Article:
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Messages - Forfarian

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Glad to help .... bring on the next one!

This might be of interest

There is a 35 year old Isabella Anderson at Gellymill Street in 1861. However, I am a bit disappointed with the way the census has come through. There is no head of the household available to view.
It happens quite a lot. Look them up at and you should see who the head of the household was.

Lanarkshire / Re: alexander and catherine scott family
« on: Yesterday at 13:56 »
What was Catherine's maiden surname?

Angus (Forfarshire) / Re: James McKenzie, Dundee
« on: Yesterday at 13:47 »
If my reading of the various posts is correct then Benchurion has found a reference to a James McKenzie born in Dundee on the Myheritage database
If it's in MyHeritage but not on SP it is not to be trusted unless/until an original document has been located. Same as Ancestry and FamilySearch.

Thanks, Monica. Not my missing James, then. (It was a bit of a long shot!)

It's an easy trap to fall into. Just have to take a wee look around Ancestry to see lots of trees where the owner has obviously just added whole families generated by Hints.
The main reason why I avoid Ancestry, MyHeritage and all similar sites like the proverbial plague. In fact I more or less boycott them because of the huge amount of disinformation/misinformation they generate.

Can you post the relevant image here so we can take a look at it?

Unfortunately Brackloch is another of those place names that crops up in various places, so we really need to know the parish to find the place. (I promise you it isn't Cipyats!) Though if the census says he was born in the parish of Assynt, that Brackloch by the River Inver looks right.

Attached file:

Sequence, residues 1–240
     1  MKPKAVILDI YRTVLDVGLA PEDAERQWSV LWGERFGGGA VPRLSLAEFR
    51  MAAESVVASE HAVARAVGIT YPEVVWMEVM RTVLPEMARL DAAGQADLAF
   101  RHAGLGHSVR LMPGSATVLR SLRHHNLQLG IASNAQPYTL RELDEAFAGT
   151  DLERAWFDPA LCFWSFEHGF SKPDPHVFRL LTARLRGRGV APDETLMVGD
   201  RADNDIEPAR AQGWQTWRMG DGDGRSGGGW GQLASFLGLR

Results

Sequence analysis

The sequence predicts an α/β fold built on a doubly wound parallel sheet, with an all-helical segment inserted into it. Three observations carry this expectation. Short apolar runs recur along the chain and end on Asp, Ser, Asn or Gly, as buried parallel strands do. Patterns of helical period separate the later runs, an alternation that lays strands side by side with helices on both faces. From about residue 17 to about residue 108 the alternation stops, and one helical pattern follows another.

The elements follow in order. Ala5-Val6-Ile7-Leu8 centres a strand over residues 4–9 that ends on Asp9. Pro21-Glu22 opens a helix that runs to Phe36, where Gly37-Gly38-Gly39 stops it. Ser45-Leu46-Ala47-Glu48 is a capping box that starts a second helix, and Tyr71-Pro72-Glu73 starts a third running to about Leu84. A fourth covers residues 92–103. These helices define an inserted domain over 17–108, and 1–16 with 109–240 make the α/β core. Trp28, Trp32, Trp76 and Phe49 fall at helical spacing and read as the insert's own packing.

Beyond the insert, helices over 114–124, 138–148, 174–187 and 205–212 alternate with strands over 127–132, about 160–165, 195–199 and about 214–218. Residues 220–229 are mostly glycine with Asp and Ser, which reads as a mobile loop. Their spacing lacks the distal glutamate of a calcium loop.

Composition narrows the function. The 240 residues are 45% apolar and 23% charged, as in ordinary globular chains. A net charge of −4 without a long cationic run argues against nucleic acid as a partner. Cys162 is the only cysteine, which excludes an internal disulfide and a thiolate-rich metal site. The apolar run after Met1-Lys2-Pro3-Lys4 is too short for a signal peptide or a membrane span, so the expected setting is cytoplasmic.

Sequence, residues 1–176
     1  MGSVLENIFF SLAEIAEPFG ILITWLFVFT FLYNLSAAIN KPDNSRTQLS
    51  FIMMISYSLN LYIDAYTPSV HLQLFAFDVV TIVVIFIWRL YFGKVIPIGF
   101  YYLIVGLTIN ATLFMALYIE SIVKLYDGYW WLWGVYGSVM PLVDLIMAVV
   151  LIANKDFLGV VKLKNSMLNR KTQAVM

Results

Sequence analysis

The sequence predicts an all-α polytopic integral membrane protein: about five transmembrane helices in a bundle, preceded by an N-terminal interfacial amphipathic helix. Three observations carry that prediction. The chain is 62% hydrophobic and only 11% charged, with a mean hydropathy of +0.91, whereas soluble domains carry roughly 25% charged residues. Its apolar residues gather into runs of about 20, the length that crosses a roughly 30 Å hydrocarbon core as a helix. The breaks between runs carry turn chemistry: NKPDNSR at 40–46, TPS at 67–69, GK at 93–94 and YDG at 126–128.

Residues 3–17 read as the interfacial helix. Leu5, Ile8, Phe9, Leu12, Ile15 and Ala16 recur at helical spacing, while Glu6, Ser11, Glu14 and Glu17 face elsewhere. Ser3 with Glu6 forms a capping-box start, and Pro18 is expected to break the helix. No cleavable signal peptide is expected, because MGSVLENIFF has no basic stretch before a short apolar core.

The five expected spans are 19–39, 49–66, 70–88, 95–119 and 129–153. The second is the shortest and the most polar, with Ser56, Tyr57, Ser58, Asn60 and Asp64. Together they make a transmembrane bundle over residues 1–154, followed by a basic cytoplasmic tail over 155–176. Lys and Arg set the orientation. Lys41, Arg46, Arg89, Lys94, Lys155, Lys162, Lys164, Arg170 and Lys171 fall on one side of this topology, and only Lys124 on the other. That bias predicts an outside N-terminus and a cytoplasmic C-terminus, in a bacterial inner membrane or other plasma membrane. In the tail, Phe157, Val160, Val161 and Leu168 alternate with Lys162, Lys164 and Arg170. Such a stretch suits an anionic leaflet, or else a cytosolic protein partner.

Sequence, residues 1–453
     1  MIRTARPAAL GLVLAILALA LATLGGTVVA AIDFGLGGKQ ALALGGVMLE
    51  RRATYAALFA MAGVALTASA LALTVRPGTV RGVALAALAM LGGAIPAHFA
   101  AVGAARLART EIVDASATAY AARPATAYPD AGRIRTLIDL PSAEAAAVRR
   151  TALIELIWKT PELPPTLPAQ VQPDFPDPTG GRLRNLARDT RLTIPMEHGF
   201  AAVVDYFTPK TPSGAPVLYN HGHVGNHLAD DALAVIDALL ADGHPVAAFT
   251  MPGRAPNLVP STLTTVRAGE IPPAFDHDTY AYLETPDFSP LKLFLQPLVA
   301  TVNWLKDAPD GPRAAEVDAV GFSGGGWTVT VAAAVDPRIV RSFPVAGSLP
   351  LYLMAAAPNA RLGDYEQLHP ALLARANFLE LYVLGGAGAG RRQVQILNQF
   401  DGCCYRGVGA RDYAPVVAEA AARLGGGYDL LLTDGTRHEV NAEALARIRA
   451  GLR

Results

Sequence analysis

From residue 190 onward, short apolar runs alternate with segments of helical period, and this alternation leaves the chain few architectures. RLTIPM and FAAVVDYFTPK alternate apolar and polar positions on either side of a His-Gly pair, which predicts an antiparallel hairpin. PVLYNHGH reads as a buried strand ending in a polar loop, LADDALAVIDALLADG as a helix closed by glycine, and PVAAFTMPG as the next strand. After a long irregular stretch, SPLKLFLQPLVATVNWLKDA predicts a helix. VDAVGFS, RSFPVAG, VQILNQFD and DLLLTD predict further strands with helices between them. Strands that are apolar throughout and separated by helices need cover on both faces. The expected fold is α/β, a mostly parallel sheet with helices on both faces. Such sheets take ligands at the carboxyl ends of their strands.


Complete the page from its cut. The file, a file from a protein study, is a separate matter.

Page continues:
The birth index on SP says that Thomas Graham's birth was registered in Kirkton Assynt in the County of Sutherland*. Kirkton is probably the commonest place name in Scotland, because it just means the cluster of houses round the kirk, and of course every parish has a kirk so every parish has a kirkton.

*The following is completely off-topic but might possibly be of interest if you are going to Assynt (which I would definitely recommend). You will be amazed by the scenery, which is of course largely dictated by the underlying geology, and in fact Assynt is one of the world's greatest and most significant geological localities. The working out of the extreme complications of the geology of Assynt is largely credited to two men named Ben Peach and John Horne. Their work had major importance for the development of the knowledge of geology, and Assynt remains a mecca for geologists from all over the world who come to study the area. The reason I mention this is because Peach's second wife was the daughter of the schoolmaster at Kirkton Assynt. She was born in Kirkton Assynt in 1868. So if your grandfather had stayed long enough at Brackloch, he would probably have been taught by her father Angus MacEwen, who, incidentally, was also the Registrar of Births, Deaths and Marriages for Kirkton Assynt.

It's a fair hike from Brackloch to any of the other places you have mentioned, but I reckon that the other places are all within a good day's walk of one another. People did move around quite a bit by the 1860s, especially shepherds because when the Clearances took place to make way for sheep, the landlords often brought shepherds in from outside the immediate area.

Out of curiosity, who were the parents of the wicked stepfather James Knight? I have 'lost' a whole string of Knights including a James, born 1843 in Keith, parents George Knight and Ann(e) Leslie.

I didn't suggest that you would - my comment was intended for any newbies who might be reading this thread. I made that very mistake when I was a beginner and wasted a lot of time on the wrong family.

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